The Billy Graham Evangelistic Association says it never discriminated against a black employee and argues in court papers that the lawsuit she has filed should be dismissed because of “church autonomy,” The Associated Press reports.
Click here to read the motion to dismiss.
Attorneys for the association argued Wednesday that the lawsuit filed by former employee Kimberly McCallum fails to contend that the job she lost remained open or was given to another person.
McCallum said in her lawsuit she was fired in 2007 after complaining to her superiors that the organization was not reaching out enough to black churches.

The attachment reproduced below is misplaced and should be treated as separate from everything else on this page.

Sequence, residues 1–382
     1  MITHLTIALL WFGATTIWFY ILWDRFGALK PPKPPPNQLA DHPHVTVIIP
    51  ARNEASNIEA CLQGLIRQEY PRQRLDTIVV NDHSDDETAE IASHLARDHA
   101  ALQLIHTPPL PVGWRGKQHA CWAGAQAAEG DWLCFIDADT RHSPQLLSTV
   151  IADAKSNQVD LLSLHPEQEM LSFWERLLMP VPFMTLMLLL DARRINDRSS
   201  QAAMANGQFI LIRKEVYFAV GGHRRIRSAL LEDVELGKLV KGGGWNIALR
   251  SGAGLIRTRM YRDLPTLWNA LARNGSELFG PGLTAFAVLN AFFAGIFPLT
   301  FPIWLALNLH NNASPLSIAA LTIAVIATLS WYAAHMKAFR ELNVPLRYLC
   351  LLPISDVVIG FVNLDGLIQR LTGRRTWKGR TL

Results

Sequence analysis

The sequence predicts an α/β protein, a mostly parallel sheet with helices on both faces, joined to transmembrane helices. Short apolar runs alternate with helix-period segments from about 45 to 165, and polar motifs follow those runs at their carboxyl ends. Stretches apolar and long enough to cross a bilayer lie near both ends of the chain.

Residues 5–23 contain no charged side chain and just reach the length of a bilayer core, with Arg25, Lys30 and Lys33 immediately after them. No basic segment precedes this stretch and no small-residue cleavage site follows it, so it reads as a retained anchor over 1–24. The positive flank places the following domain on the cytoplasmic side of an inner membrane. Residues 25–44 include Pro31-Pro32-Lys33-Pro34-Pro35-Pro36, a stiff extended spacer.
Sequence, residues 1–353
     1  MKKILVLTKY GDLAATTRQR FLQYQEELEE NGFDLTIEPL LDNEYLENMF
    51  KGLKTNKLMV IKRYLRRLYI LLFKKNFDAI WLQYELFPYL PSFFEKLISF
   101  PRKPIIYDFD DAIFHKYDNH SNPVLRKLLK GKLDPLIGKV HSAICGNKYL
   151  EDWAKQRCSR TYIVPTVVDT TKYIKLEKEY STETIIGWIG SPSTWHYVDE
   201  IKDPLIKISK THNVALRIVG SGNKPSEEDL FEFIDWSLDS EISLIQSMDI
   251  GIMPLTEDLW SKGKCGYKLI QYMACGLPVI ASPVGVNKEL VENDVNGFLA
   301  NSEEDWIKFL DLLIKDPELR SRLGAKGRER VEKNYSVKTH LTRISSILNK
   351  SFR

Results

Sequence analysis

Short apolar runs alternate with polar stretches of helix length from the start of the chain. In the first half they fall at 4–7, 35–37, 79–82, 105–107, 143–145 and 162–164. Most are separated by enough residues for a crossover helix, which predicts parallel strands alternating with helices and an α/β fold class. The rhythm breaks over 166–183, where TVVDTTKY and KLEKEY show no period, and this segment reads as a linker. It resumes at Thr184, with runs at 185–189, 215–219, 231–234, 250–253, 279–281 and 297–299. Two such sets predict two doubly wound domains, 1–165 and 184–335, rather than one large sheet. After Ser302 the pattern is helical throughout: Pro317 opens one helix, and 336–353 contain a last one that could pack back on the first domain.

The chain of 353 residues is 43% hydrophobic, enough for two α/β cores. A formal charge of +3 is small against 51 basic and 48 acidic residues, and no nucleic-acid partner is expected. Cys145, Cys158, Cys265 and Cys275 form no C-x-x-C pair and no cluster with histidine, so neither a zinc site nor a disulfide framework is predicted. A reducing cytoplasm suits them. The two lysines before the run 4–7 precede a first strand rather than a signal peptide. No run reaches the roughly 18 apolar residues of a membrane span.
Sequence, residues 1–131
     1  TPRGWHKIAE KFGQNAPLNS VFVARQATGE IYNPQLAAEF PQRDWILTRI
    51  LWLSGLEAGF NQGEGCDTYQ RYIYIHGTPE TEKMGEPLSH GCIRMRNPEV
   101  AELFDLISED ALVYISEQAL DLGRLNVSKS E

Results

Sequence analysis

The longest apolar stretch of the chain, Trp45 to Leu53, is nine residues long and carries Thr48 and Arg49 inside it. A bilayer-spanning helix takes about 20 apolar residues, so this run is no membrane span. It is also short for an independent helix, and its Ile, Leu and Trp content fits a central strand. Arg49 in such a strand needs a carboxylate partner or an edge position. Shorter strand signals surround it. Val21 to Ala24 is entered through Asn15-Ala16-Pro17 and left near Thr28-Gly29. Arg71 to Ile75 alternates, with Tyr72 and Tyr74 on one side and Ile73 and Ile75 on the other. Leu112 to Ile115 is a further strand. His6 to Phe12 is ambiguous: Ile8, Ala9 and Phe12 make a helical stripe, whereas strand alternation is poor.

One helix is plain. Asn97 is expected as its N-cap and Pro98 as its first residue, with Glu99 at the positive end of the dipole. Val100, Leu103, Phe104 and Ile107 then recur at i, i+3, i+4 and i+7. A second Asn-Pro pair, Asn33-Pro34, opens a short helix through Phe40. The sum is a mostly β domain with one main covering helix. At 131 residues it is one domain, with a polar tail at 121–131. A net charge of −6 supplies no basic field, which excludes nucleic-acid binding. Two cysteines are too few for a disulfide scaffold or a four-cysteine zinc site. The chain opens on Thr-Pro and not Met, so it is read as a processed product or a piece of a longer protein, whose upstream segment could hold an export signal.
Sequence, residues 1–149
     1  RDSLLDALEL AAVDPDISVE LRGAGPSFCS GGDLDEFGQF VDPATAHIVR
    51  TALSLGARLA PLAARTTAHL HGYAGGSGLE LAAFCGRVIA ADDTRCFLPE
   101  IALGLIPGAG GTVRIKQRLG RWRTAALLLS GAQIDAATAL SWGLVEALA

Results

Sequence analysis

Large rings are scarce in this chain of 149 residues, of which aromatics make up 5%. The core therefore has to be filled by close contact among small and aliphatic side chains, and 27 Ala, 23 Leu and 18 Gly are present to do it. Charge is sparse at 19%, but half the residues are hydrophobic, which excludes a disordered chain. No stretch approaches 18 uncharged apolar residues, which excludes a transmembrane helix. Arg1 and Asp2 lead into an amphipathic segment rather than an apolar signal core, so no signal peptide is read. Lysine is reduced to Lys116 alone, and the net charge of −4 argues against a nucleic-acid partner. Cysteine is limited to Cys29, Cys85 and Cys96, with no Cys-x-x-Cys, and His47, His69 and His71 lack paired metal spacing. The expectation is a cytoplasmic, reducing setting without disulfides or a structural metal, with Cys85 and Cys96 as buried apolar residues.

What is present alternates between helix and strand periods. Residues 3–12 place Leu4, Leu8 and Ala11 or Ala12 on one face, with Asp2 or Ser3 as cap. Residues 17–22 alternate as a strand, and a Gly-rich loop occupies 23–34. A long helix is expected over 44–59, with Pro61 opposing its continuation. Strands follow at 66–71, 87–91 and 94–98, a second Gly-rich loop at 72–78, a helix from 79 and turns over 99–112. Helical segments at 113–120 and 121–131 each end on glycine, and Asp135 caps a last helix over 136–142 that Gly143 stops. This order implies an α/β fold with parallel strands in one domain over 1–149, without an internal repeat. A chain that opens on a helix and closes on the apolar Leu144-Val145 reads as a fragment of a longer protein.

Click here to read McCallum's lawsuit.
A spokesman for the organization has said the association does extensive outreach and works extensively with African-American and other diverse churches.
McCallum said in the lawsuit that she was the only black employee working in the executive offices in Charlotte when she started in February 2007.
She complained to her superiors later that year when she was asked to recruit congregations to a camp program but found that a list of 635 prospective churches had only three memberships that were primarily black. McCallum said it was apparent that black churches were excluded.
- Associated Press